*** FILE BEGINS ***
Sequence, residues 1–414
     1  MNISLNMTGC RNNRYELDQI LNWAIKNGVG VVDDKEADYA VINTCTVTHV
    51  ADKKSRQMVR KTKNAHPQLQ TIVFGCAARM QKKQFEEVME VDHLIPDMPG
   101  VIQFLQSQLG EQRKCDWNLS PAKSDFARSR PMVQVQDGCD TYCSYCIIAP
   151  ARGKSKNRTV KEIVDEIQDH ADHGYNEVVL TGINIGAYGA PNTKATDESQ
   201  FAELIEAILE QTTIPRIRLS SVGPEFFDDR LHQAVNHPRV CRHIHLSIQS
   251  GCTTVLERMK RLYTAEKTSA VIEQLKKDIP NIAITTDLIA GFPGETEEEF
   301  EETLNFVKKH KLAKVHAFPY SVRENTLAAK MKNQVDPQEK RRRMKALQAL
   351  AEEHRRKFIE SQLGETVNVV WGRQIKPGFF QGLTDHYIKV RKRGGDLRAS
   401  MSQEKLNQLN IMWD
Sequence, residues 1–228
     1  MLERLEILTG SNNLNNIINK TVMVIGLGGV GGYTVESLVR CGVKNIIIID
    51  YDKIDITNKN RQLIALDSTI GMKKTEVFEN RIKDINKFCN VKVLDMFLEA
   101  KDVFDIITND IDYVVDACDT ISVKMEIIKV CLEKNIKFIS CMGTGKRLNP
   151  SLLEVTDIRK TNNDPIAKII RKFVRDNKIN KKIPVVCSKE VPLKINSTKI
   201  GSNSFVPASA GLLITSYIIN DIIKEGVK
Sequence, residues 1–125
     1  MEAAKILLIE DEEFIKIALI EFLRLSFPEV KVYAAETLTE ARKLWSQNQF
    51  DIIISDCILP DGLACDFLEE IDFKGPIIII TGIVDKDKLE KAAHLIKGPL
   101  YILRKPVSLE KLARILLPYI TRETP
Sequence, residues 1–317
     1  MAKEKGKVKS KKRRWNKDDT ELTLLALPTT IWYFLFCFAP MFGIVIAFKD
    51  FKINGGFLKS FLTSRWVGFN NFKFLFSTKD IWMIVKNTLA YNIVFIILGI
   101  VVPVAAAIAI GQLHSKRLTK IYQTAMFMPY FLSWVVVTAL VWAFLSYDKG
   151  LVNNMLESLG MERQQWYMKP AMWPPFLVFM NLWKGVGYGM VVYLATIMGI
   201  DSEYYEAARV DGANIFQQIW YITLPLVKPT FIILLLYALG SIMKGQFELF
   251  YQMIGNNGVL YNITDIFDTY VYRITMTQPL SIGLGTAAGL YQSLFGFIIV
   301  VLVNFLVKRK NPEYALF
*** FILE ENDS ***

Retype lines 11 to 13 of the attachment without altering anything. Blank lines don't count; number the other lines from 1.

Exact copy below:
Sequence, residues 1–228
     1  MLERLEILTG SNNLNNIINK TVMVIGLGGV GGYTVESLVR CGVKNIIIID
    51  YDKIDITNKN RQLIALDSTI GMKKTEVFEN RIKDINKFCN VKVLDMFLEA